Inspired by African history, MANJA has taken a traditional symbol of freedom from Madagascan heritage and created a unisex collection that is imbued with a poignant sense of historical significance. The design of each piece is based on the emotive Malagasy Vango Vango bracelet, connecting us to the past and markedly reminding us of our own liberty in the modern world.
The Vango Vango was originally a closed metal cuff worn by slaves and used to enchain them during the night. When the slaves were set free, many retained the cuff, cutting and styling it to form an open bangle to wear in remembrance of their emancipation. Its origin is attributed to the Sakalava tribe of southern Madagascar and it is still worn today across much of the country. Now viewed as a sacred talisman to protect the wearer, the coastal Vezo tribe of southern Madagascar will not allow their fishermen to go to sea without one.
The Vango Vango bracelet has evolved to become an important cultural symbol for the Malagasy people and it is usually the first item of jewellery that a person owns. Worn by men, women and children alike, they are designed in many different forms using a variety of stones, materials and etching techniques. MANJA has reinvented this historical item of jewellery for the Freedom collection, bringing the fire and spirit of the liberated slaves to London.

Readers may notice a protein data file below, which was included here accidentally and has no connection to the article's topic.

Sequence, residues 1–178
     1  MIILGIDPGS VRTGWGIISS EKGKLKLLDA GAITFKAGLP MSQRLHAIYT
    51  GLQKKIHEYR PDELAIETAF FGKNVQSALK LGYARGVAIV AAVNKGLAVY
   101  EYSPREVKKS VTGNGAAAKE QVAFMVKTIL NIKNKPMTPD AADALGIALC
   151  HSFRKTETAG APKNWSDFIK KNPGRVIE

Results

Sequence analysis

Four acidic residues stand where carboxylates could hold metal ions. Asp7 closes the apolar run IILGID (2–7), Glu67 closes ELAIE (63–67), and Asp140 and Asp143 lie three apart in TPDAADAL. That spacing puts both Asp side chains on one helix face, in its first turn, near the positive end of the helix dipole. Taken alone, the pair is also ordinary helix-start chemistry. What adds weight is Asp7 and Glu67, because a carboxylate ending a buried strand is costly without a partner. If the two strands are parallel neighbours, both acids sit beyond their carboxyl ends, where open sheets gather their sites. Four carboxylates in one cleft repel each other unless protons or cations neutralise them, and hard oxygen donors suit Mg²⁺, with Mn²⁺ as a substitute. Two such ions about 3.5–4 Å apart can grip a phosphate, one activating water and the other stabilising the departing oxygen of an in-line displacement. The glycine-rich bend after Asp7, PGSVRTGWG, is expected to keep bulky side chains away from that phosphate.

MANJA has partnered with award-winning charity SEED Madagascar for the Freedom collection. 20% of all proceeds from the sale of items will be donated toSEED Madagascar, whose mission is to support the poorest people in Madagascar by helping them to establish sustainable livelihoods for themselves. Providing an accessible education is key to freeing their children from poverty, so the money raised by MANJA will specifically be used for the construction of a brand new school in southern Madagascar. By partnering with SEED Madgascar, MANJA hopes to give something back to the cherished place that is the inspiration behind the brand. The Freedom collection not only brings an important moment in African history to the fore, it also offers a link and aid to the Madagascar of today.
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